The 24 surviving HCWs were contacted by phone to complete the performance scores questionnaire. Thirteen (13/24) HCWs responded. Median number of days from hospital discharge until the questionnaires were filled was 580 (IQR 568, 723.5) days. Three HCWs had left the country and were unreachable. Five did not answer when were contacted for the questionnaire, and 3 HCW did not give consent to participate. Of the respondents, 11/13 HCW scored PS1 (Able to carry on normal activity and to work, no special care needed) on Karnofsky Performance Scale. Two HCW scored 2 on the Karnofsky Performance Scale (Unable to work, able to live at home and care for most personal needs with varying amounts of assistance needed) (Table 4). The first HCW was a 34-year old female nurse, with no comorbid conditions, who worked in the ICU and was 32 weeks pregnant at the time of diagnosis with MERS. The recovering HCW stated that she has developed physical limitations in terms of inability to carry her toddler son, walking for distances longer than 30 minutes and climbing more than 1 flight of stairs. Upon asking whether MERS affected her career she responded that she requested to be transferred to an administrative job that is not physically demanding and requires less working hours. She had returned to work 270 days after hospital discharge. The second HCW was a 29-year old physician who had no comorbid conditions. He returned to work 120 days after hospital discharge. Both HCWs required invasive mechanical ventilation during their hospital stay. Of note, both HCWs abstained from work the longest after hospital discharge, 270 and 120 days respectively. The remaining 11 HCW, who responded to the questionnaire, resumed working after a median of 30 (IQR 22, 45) days after hospital discharge.

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Table 4. Questionnaire data for healthcare workers (HCWs) who survived critical illness due to the Middle East Respiratory Syndrome (MERS).

https://doi.org/10.1371/journal.pone.0206831.t004

Discussion

Middle East Respiratory Syndrome Coronavirus continues to affect patients with severe and potentially fatal pneumonia. Effective nosocomial transmission and consequent hospital outbreaks posed a major challenge on HCWs. A number of single center MERS cohort studies included affected HCWs[5, 13]. The numbers of included HCWs, however, in each of those studies are very few, and some of whom had minimal or no symptoms. This, to our knowledge, is the only multi-center cohort study of critically ill HCWs with MERS.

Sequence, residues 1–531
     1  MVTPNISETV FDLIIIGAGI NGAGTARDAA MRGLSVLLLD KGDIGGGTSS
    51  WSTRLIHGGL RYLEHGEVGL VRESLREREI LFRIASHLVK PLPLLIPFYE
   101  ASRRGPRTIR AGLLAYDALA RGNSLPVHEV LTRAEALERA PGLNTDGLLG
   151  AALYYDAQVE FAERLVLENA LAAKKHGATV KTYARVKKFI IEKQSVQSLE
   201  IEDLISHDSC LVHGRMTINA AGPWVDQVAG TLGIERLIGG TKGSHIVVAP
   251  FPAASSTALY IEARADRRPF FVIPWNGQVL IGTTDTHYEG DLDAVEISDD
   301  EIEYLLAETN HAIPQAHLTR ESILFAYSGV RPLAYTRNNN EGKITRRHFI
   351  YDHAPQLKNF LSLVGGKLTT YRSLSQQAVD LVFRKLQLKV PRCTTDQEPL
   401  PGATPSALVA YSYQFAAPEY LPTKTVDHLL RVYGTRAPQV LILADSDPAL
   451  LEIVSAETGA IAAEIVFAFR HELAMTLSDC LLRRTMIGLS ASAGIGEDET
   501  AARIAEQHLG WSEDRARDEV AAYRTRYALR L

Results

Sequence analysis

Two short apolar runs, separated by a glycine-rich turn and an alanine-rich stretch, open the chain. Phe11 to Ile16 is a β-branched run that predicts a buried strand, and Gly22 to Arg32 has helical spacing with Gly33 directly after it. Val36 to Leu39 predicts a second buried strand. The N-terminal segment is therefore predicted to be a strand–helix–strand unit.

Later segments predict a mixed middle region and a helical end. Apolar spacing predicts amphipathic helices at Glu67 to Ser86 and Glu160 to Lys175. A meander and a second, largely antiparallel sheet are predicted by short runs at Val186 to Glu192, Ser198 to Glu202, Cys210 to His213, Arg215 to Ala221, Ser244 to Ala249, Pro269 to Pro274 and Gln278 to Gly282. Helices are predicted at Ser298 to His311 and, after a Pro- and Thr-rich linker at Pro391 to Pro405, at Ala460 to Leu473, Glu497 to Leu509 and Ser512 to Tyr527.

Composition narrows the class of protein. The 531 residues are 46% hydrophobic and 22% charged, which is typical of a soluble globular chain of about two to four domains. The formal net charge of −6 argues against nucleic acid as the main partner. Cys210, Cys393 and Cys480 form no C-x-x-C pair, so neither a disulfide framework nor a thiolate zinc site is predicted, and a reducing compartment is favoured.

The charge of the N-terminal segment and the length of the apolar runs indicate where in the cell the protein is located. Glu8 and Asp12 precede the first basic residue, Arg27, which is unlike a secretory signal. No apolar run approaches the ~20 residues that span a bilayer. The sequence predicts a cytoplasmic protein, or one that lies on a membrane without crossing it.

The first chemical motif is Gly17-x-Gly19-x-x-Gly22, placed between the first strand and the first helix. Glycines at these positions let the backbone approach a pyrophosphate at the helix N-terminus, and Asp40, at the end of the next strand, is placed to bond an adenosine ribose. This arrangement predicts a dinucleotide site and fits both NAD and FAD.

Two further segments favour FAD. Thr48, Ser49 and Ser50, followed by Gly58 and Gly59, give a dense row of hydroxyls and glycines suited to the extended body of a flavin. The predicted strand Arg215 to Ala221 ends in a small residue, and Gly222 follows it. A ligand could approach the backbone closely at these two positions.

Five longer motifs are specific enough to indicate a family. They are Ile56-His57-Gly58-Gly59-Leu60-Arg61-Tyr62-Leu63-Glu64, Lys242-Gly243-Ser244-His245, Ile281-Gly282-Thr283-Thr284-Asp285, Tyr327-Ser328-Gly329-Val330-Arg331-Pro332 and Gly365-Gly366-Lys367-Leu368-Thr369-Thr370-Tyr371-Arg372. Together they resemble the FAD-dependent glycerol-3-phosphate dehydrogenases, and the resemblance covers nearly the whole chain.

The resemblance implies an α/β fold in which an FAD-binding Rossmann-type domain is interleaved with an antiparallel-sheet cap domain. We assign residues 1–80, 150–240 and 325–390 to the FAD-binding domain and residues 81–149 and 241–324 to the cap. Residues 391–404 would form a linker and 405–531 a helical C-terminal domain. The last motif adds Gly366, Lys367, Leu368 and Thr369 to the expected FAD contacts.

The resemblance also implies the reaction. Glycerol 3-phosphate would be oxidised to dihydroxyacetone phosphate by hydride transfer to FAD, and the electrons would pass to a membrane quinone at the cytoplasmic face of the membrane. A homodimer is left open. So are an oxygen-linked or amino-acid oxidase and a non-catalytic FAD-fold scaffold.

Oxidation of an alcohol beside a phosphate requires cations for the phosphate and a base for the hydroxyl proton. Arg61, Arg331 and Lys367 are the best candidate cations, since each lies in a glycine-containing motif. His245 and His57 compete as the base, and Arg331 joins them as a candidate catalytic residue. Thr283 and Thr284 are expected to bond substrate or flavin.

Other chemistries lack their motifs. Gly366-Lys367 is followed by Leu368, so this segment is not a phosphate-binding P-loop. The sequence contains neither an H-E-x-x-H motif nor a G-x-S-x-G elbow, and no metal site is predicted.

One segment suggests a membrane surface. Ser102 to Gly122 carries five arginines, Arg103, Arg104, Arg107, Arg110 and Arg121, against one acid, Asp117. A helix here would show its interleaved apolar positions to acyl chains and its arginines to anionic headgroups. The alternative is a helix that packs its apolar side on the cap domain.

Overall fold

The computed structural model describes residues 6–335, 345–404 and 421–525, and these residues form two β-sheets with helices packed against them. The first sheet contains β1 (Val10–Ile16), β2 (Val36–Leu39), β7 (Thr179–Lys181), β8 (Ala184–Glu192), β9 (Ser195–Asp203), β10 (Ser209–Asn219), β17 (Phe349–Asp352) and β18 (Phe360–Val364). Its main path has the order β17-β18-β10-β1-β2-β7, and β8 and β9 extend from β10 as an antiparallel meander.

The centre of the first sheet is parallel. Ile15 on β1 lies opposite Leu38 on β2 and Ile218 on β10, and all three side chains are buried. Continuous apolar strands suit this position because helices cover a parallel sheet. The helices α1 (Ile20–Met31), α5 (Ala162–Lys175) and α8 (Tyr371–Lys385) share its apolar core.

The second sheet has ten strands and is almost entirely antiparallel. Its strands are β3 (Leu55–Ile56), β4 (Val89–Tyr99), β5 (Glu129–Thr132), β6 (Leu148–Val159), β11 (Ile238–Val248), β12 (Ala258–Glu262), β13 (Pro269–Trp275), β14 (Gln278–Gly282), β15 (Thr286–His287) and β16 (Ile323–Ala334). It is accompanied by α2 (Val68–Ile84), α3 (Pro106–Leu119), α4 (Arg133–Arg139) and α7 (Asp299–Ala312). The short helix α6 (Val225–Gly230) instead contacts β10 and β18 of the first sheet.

Our study demonstrates that hospital mortality among critically ill HCWs with MERS was substantial [25% (8/32)], but lower that what has been reported in general ICU MERS patients. A recent published cohort of 330 confirmed critically ill MERS cases (inclusive of the current HCWs cases) demonstrated hospital mortality of 67% (223/330) [10]. This is probably related to the relatively younger age of the HCWs cohort compared to that of the general population MERS SARI cohort [median age (Q1, Q3) of 39 (32, 48) compared to 58 (44, 69)]. Additionally, HCWs were less likely to have comorbid conditions (34.4% compared to 80.3%). Advanced age has been consistently recognized as a risk factor for mortality in several MERS cohort studies[3, 5, 14]. Additionally, presence of comorbid conditions, particularly diabetes mellitus as well as renal failure has been shown to be significantly associated with mortality in confirmed MERS cases[5, 14]. Interestingly, none of the five HCWs who were known to have renal impairment at baseline survived. This is consistent with previous cohort studies where patients with renal failure, and patients who required hemodialysis have had a significantly increased mortality rate reaching 100%[5]. Immune dysregulation has been studied and documented in patients with chronic renal impairment and those with end stage renal diseases who required hemodialysis[15]. Reduced T-cell quantity as well as helper T-cell responses to mitogen stimulation has been documented and in some studies linked to durations of hemodialysis and renal impairment[15, 16]. This immune dysfunction may therefore explain the witnessed increased mortality rates in MERS patients with chronic renal impairment.

The noted increased use of ECMO in non-surviving HCW is probably reflective of the severity of respiratory failure where ECMO is used as a rescue therapy.

Our cohort included two pregnant women who developed critical illness due to MERS and survived.

In a previously published cohort of five pregnant women with MERS, all were admitted to ICU and two patients died, one of who was known to have bronchial asthma, lung fibrosis and spontaneous pneumothoraces. Only one of the pregnancies resulted in intrauterine fetal demise. The remaining 3 pregnant HCWs survived.[17] There are no data however, on their long-term functional outcomes. Although the two pregnant women in our cohort have survived MERS, one HCW did indicate limitations in her physical ability after recovery from MERS, whereas the second was an expat who has left the country and was unreachable. It is therefore, not possible to conclude whether pregnancy correlates with MERS severity or poorer functional outcomes. In a case control study, pregnant women with confirmed SARS had more severe pneumonia and worse outcomes[18]. On the other hand, data were conflicting on whether outcomes of H1N1 pneumonia were worse in pregnant compared to non-pregnant women[19, 20].